The wager of style. On the basis that democracy offers two aspects to the citizen (the dilemma that confronts passivity with participation), Moraza proposes the museum as a space of convergence between the citizen-artist and citizen-spectator. For the artist, the public question is not just a political issue it is also anthropological, intimately tied to the human condition, where we construct our identity. This anthropological question conceives the works of Moraza as a total wager on style, as a salutatory lesson against all forms of reduction—«Each wager on style is always a shot against simplification », he says— the banalities of which generate a superficiality that ends up driving the spectator to a plane of total indifference. With this wager, Moraza does nothing more than follow the route of the «how» that we mentioned earlier and which he takes steps to define clearly as: «[…] the style is the way: the way in which what one does constitutes oneself as a subject » (Tesoro público, Artium, 2014, p. 51).
Once again we find ourselves confronted with a process of construction of identity that seeks to distance itself from a world of fiction, repositioning the four implicated subjects (art, artist, spectator and museum) in reality – a space far removed from mysticisms and vacuous rhetoric— through the participation of the spectator within a Museo capable of creating links that promote tangible and positive changes.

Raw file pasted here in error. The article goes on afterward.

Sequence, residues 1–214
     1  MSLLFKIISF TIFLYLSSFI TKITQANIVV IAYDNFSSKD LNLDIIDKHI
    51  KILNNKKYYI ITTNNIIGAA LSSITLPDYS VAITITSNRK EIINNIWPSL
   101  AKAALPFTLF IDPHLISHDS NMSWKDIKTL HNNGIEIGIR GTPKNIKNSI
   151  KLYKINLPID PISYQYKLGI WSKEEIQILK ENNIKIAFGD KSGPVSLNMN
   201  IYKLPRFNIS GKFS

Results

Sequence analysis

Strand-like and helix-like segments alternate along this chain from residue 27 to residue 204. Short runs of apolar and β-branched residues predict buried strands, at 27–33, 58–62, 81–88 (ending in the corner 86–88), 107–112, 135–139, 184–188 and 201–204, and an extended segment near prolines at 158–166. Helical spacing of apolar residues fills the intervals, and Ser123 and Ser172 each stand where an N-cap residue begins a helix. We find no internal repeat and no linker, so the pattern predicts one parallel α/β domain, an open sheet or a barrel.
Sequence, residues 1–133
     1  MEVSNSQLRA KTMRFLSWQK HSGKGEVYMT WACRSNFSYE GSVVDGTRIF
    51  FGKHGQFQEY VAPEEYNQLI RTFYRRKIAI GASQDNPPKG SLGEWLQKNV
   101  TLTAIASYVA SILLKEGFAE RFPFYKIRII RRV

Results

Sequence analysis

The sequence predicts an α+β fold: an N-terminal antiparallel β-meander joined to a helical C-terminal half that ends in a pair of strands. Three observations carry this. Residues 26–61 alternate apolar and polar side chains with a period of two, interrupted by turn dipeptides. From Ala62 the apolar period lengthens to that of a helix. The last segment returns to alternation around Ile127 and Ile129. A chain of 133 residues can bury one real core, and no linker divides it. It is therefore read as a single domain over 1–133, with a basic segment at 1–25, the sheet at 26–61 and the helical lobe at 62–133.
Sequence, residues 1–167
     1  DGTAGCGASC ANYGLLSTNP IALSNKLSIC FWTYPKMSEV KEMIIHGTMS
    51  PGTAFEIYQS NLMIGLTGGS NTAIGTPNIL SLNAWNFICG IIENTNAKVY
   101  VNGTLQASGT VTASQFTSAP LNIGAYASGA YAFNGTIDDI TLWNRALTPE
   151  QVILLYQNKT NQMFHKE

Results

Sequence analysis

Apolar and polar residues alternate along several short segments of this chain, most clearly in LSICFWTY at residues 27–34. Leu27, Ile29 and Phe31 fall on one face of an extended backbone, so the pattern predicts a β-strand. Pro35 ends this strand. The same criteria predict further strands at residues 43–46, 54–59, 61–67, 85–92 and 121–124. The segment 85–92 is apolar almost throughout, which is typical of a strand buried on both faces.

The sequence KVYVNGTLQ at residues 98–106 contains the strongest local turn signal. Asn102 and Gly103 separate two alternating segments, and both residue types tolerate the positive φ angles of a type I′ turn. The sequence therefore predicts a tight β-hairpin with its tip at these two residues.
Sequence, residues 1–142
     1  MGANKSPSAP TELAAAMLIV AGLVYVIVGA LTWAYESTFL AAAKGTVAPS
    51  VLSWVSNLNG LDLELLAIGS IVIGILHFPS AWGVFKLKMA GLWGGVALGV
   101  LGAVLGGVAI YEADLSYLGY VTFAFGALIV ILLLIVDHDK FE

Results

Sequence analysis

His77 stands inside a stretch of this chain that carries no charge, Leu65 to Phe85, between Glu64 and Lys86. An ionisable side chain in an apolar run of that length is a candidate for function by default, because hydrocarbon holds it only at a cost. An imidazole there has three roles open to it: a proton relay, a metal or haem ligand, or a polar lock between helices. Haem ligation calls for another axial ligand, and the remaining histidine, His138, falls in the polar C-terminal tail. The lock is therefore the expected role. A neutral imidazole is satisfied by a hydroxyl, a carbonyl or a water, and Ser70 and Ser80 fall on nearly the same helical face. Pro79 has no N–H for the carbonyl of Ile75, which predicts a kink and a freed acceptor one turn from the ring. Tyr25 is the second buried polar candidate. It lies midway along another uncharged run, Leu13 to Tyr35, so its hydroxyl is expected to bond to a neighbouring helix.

Yet, this Museo, by its very procedural nature, can’t be a unique space, so much as it sets out to promote different models of participation which a establish a route that runs from representiality (intimacy) to representativity (extimacy). Moraza creates in this way a complex system of concepts in which to encompass the equally complex interlinking spaces of participation, which are presented as Participation Museum and Symbolic Museum (Emblems); as Demographic Museum and Morphological Museum (Devices); and as Anthropic Museum (Dividuals). In this latter space the individual is exposed as a being with internal and external fractures, configured by the artist into a complex entity, reformulated as a dividual.